Because that's where one learns to see...really see. Knowing what lurks in the shadows, what color the leaves reflect, even what the local sounds and smells are makes convincing paintings. Plein air painting for me informs all my other work. What I have learned looking at a mountain range in Arizona helps me paint my own Endless Mountains back in my Pennsylvania studio. Struggling against bright glare to see the waves rolling into the beach in Costa Rica teaches me something about the Susquehanna river. Just dragging an easel out your studio door for a quick warm-up painting will do so much for your skills. Plein air work teaches you to select for subject and compose to your canvas or paper borders. It teaches you to move along, speed it up and keep the energy flowing.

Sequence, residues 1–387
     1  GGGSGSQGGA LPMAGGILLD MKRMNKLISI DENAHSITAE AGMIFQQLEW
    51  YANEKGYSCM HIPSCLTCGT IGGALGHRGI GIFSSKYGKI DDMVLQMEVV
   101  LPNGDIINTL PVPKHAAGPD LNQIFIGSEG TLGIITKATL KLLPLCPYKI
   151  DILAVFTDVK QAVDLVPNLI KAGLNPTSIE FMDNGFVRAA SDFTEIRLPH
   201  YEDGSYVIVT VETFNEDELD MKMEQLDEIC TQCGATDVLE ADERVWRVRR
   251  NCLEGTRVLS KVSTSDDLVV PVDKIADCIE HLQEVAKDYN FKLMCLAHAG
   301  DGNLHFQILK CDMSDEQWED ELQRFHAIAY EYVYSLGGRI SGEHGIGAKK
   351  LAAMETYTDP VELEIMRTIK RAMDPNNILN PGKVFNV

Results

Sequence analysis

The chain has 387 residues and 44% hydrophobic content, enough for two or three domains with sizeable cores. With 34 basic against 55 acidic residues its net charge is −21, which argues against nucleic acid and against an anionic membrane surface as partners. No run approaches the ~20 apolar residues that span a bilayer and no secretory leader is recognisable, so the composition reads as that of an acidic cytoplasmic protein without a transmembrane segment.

Plein air is the background, the homework for painting from other sources. I see many painters, wasting precious time, using photos when they should be out in the field observing. Once they've done that they may be ready to paint from photos and their own imagination.
Besides it's the most fun you can have and still call it work.
I finally dodged the ice and snow storms to travel up to Corning, NY to the Rockwell Museum of Western Art t o see the excellent showing of...
SOLD Another watercolor...and more nasturtiums in Nan Burti's cream pitcher....I do love these two small clay pieces, but so far I'...
SOLD This Sunday, April 11th, the reception for my exhibit of river paintings is from 2-3pm (not as previously stated - 2:30). It's Fr...